NEW YORK - Members of the World Jewish Congress’ Jewish Diplomatic Corps (WJC-JDCorps) held a breakout session on cyberhate at the WJC’s Plenary Assembly on April 25, to coincide with the official release of the WJC-commissioned report on the topic, The Rise of Anti-Semitism on Social Media: Summary of 2016. The report, conducted via Vigo Intelligence, provides hard data and analysis of anti-Semitic hate speech on Twitter, Facebook, Instagram, YouTube, and other social media platforms, defining anti-Semitism according to the definition set by the International Holocaust Remembrance Alliance.
The report found that 382,000 anti-Semitic posts were uploaded to social media in 2016, amounting to roughly one anti-Semitic post every 83 seconds. This figure includes 31,000 posts calling for violence against Jews.
While anti-Semitic posts were found on all of the major social media platforms, 63% of them appeared on Twitter. 68% of all anti-Semitic posts originated in the United States, followed by 14% in Germany, 4% in the United Kingdom, 2% in Canada, and 1.5% in France.
Oleg Ivanov, WJC JDCorps Coordinator of North America, Latin America and Oceania and Israel Counter de-Legitimization Unit Digital Campaign Manager, presented the report on behalf of the WJC.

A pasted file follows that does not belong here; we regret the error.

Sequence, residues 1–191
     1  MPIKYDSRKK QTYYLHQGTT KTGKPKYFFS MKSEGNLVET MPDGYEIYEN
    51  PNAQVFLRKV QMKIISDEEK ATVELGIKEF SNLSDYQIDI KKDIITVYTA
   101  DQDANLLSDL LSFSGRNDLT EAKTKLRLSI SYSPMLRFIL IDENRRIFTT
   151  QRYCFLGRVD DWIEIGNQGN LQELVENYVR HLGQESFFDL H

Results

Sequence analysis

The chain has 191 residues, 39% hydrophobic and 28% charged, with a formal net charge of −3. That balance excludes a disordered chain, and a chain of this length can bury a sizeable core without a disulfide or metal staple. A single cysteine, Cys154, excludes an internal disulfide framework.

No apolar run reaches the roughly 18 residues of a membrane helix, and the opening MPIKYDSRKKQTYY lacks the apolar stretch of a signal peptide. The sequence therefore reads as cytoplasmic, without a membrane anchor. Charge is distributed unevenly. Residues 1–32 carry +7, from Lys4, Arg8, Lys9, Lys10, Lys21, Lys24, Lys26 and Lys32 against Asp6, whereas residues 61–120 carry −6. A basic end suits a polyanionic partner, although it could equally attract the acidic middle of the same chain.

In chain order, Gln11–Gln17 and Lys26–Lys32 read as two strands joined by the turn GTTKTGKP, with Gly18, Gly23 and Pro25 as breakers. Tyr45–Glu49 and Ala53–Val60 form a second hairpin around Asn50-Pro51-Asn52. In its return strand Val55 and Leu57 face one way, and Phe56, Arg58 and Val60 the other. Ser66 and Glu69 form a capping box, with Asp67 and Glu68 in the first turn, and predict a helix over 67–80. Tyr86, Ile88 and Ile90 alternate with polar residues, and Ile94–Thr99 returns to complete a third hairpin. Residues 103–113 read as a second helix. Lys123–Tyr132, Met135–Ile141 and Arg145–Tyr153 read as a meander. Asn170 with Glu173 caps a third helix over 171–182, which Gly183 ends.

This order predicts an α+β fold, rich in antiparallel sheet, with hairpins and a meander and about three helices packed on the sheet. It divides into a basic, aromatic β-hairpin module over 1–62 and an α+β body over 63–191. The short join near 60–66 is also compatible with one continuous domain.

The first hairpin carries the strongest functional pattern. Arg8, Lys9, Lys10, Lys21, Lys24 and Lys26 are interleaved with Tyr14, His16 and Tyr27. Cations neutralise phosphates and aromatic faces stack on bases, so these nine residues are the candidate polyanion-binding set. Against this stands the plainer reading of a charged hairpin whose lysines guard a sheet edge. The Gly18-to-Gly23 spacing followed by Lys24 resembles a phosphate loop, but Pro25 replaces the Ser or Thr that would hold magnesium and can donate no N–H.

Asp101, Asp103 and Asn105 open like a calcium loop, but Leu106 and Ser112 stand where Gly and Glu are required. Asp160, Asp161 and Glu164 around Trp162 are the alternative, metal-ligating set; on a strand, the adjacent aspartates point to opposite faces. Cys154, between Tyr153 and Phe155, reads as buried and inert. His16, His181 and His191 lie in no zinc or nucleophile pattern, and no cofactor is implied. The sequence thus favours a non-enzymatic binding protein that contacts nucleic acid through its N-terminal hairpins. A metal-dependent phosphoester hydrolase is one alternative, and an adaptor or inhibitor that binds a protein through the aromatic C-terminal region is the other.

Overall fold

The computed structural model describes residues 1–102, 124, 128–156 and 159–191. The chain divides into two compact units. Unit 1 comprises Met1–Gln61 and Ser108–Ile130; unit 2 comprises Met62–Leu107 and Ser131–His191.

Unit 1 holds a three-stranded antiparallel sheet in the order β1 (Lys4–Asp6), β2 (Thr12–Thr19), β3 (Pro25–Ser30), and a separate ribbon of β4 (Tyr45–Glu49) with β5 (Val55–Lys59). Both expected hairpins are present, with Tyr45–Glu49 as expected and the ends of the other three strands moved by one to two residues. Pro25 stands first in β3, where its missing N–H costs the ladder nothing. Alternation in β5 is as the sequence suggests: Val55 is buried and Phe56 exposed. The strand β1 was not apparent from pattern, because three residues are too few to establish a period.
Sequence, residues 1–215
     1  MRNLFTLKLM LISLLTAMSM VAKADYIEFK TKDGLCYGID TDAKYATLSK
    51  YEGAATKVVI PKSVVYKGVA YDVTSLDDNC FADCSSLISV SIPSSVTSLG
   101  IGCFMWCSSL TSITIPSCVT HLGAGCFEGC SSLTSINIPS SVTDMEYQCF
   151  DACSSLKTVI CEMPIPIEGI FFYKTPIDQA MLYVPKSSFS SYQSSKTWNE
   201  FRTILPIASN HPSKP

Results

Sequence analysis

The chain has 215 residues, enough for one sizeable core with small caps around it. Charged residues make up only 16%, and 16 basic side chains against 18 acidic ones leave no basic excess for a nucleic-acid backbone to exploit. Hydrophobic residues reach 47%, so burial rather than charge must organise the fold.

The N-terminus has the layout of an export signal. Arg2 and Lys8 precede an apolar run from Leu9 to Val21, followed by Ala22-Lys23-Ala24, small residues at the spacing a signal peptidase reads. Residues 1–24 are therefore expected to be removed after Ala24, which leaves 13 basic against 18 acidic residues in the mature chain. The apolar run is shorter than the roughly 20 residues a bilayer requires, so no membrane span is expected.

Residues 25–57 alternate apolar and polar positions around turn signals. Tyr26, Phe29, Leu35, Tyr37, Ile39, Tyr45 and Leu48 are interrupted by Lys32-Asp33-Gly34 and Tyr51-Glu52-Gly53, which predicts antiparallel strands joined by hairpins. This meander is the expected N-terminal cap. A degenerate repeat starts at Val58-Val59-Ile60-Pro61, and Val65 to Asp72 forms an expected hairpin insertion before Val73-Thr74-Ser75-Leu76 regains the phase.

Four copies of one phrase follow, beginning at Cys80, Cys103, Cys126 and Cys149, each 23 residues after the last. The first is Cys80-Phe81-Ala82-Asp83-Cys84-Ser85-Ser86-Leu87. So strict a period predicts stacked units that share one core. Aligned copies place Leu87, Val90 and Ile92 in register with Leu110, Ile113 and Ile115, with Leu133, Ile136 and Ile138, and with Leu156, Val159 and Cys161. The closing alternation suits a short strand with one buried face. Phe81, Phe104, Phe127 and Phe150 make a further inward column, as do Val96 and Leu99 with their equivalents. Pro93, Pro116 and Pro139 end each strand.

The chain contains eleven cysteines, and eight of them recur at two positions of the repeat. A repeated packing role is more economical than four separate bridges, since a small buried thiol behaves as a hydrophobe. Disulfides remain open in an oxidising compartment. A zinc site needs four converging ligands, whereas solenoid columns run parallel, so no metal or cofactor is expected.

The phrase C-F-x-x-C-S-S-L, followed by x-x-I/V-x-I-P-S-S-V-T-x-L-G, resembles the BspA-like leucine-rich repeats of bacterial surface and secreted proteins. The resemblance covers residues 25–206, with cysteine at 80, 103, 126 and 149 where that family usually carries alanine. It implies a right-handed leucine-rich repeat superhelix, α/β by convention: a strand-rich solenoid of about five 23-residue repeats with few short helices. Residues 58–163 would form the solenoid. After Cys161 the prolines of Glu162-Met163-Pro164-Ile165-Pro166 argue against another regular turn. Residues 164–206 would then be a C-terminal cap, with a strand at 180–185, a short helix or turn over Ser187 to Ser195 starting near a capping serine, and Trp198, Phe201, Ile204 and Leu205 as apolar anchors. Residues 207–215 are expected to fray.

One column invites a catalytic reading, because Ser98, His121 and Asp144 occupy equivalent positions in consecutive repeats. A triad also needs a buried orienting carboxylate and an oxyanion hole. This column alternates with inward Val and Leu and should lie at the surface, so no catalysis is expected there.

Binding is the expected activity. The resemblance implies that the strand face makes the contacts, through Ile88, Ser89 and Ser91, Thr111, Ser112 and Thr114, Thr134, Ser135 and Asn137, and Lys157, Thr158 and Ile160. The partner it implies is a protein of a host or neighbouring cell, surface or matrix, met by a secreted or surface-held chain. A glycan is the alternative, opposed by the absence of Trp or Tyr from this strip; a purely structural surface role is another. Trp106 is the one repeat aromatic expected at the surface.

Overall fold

The panel discussion that followed focused on cyberhate and its connection to the fight against modern-day anti-Semitism. The panel comprised JD-Corps members from around the world, who shared their local perspectives on cyberhate as a contemporary expression of anti-Semitism and offered plans for combating this alarming development. The panel was moderated by Marc Pozniak (South Africa, President of the WJC-JDCorps Steering Committee) and included Yohan Benizri (Belgium), Tal Dror (Israel), Tamara Fathi (Canada), and Rachel Steinmetz (USA).
In addition to addressing challenges facing the online Jewish community, the panel discussed the report’s findings about the nature of online antisemitism and its various manifestations across the social media spectrum.
The report details efforts begin made by social media companies and governments to address anti-Semitic cyberhate, but the findings reveal that much more needs to be done to combat hate speech online.